The impact that economic growth has on the lives of people depends on a) income distribution, but also on b) the use made of public revenue generated by economic growth.
For example, the fact that India spends only 1.2% of its GDP on healthcare and China devotes 2.7% is directly relevant to the greater health achievements of China vis-à-vis India. Because of low allocation to public healthcare, many poor people across India are forced to rely on private doctors. Why is that so wrong? First, many private doctors have little or no medical training. Second, patients know very little about diseases, medicines required or indeed why, the possibility of defrauding is huge [in absence of an alternative public healthcare to which they can go to for assistance or advice]. India has started to rely on private healthcare without developing solid public healthcare facilities. In doing this, India is proceeding on a path different from every country that has made a successful health transition [e.g. Britain, Japan, China, Brazil, South Korea, Costa Rica]. All these countries first developed a well-functioning public healthcare system and only then encouraged private health care facilities as auxiliaries. By allocating more of the public revenue generated by economic growth to promoting healthcare, India could more greatly enhance the living conditions of its citizens. Whether growth facilitates development in terms of enhancing the living conditions of people depends on what is done with the public revenue that is generated by growth.
Moreover, while we must recognize the role of growth in facilitating development (in the sense of improving human lives), we also need to recognize that the advancement of human capabilities (through healthcare, education etc) also, in turn, influences the growth possibilities of a country. The state can play a constructive role in developing these human capabilities.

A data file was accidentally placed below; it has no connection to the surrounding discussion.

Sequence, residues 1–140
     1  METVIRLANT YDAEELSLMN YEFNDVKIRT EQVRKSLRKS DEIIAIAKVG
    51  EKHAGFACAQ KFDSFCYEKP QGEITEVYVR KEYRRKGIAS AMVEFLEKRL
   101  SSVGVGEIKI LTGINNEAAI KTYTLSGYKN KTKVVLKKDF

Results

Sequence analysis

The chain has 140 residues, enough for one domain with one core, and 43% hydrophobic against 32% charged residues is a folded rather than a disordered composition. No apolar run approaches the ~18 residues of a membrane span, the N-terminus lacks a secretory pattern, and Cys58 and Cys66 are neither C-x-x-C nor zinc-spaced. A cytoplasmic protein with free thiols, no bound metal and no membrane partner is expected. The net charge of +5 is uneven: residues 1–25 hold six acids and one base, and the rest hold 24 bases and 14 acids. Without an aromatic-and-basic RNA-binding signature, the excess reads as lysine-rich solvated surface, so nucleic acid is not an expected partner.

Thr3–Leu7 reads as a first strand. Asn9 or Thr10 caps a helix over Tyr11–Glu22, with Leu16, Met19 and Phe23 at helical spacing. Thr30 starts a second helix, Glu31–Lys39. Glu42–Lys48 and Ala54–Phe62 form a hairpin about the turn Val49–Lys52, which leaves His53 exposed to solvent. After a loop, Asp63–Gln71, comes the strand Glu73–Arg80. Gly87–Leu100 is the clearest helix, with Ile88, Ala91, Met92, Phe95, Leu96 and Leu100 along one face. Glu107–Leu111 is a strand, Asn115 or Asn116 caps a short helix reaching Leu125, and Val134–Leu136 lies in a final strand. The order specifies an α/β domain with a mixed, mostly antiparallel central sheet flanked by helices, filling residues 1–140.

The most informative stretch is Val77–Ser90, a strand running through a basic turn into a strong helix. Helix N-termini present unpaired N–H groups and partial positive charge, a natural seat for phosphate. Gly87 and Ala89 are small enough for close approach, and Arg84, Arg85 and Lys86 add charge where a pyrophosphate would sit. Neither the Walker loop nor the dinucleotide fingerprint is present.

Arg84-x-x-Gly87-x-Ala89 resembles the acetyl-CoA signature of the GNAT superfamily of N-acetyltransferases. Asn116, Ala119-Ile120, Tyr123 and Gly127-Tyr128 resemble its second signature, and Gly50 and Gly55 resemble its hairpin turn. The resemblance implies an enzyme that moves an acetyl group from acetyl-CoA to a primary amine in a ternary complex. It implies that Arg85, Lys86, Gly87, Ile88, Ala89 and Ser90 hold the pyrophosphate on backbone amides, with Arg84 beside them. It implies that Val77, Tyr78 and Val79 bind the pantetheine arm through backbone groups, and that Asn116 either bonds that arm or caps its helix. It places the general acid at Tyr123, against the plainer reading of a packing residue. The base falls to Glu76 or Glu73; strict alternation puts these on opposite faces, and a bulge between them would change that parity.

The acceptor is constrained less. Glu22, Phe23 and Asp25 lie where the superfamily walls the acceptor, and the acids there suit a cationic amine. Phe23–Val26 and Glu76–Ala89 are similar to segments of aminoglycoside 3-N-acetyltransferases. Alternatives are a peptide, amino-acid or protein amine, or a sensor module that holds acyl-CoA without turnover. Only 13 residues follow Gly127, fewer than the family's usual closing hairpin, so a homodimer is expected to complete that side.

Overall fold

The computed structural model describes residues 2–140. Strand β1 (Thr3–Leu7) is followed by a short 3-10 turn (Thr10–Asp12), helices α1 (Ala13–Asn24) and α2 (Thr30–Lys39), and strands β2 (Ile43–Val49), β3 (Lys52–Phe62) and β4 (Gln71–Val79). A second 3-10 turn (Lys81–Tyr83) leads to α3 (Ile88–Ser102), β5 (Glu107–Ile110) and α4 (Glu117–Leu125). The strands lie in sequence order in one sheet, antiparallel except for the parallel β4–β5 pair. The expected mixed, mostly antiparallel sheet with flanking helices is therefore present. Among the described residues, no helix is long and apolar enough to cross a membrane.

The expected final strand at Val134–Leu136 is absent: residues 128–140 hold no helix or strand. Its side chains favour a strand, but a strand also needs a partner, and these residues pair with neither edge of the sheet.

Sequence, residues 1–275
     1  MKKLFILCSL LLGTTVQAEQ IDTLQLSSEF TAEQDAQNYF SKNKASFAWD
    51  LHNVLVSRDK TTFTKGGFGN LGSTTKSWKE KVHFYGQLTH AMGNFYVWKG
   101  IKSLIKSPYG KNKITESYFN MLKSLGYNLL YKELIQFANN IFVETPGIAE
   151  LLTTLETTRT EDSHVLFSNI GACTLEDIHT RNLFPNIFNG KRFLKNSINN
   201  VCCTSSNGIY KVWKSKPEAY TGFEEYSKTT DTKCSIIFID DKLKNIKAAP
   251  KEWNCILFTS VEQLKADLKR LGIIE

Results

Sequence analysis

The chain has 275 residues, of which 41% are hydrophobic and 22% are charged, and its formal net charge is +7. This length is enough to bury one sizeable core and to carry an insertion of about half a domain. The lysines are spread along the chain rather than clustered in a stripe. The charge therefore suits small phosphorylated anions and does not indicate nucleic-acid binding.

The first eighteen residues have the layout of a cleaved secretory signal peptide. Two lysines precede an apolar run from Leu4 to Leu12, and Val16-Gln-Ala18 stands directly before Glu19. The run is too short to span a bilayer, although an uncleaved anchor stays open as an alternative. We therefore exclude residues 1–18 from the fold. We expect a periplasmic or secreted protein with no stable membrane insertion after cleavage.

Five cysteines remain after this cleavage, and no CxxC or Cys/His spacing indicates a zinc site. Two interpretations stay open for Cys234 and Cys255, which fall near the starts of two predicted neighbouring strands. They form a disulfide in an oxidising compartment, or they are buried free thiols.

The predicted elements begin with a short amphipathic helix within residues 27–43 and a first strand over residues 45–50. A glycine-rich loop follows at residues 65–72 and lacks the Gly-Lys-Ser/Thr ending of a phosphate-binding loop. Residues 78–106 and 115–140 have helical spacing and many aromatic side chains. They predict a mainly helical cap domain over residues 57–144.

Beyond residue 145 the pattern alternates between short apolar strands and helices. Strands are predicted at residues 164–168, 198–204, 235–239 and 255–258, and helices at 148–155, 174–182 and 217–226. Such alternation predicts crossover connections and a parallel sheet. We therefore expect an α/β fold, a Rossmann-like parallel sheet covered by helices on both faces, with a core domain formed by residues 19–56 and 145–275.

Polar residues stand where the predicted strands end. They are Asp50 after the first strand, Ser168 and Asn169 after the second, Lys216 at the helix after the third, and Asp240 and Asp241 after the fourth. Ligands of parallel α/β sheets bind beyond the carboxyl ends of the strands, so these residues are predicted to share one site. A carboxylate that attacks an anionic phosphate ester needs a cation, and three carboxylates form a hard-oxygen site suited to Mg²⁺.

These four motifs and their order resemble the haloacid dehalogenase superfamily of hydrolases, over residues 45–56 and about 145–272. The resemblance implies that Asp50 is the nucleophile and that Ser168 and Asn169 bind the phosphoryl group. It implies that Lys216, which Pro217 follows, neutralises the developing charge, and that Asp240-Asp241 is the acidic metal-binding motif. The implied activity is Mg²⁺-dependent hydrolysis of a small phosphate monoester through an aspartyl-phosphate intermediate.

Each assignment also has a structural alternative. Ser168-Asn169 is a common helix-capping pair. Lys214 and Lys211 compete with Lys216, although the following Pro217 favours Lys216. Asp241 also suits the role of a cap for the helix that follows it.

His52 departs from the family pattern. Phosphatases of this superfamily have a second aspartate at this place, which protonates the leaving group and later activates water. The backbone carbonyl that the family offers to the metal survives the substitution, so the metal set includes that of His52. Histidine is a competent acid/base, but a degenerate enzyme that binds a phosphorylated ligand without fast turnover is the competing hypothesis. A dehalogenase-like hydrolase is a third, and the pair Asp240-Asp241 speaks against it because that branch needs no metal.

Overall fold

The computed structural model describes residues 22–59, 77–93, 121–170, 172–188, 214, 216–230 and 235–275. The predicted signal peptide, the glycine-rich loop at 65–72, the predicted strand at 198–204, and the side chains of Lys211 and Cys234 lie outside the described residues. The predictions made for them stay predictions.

Before the economic reforms in the 1990s, India faced two major failures. First, it was failing to tap the constructive role of the market (especially in terms of promoting initiative, efficiency and coordinating complex economic operations). India’s ‘Licence Raj’ system had made it necessary to take government permissions for private initiatives and this made economic enterprise very difficult; economic enterprise was put at the mercy of bureaucrats. This stifled initiative and nurtured corruption. This failure has been partially remedied in the post-reform period. Arbitrary controls have been removed and there is now a greater openness to international trade – both of which have helped India to achieve a solid basis for high rates of economic growth. Nevertheless, there is more to be done both in terms of removing/simplifying counterproductive regulations and ensuring that regulation, where necessary, is well-aimed.
But there was another, second failure that India needed to address i.e. its failure to tap the constructive role of the state. Government intervention in the pre-reform period was excessive and of a restricting kind. But there were huge areas of activity where it could have engaged in constructive public action which could have achieved a lot. For example, the state could’ve been used to remedy India’s under-developed physical (power, water, roads, rails) and social infrastructure (hospitals, schools etc) and to build a functioning system of accountable public services. The reforms of the '90s have done little to remedy this second failure.
Despite its post-reform increase in growth rates, the benefits of this growth are very unequally shared. Poverty rates have decreased, but a lot more could have been achieved had the distributional side (including provision of essential services) got more attention. India’s failures are huge in terms of widespread undernourishment in general and child nourishment in particular. Other big failures include the lack of provision of healthcare to the bulk of the population and a quarter of the population remaining effectively illiterate.
The two main problems facing the Indian economy are 1) removing the disparities that divide the country into the privileged and the rest while continuing economic growth and 2) bringing more accountability into the running of the economy, especially in the delivery of public services and the operation of the public sector. Both these problems stifle India’s social and economic progress and remain essential parts of the unfinished agenda of growth and development of India.
[The purpose of the ‘Reading Dreze and Sen’ series of blogs is to briefly summarise some of the arguments given by Jean Dreze and Amartya Sen in their book ‘An Uncertain Glory: India and its Contradictions’. The arguments are of the authors alone and the blogs are merely a recapitulation of them in as simple a way possible (the style is deliberately informal). The aim is to help myself to remember the details of these arguments (writing always helps!) but more importantly to hopefully trigger conversation and provoke contestation regarding the issues raised, even if on small forums like facebook :)]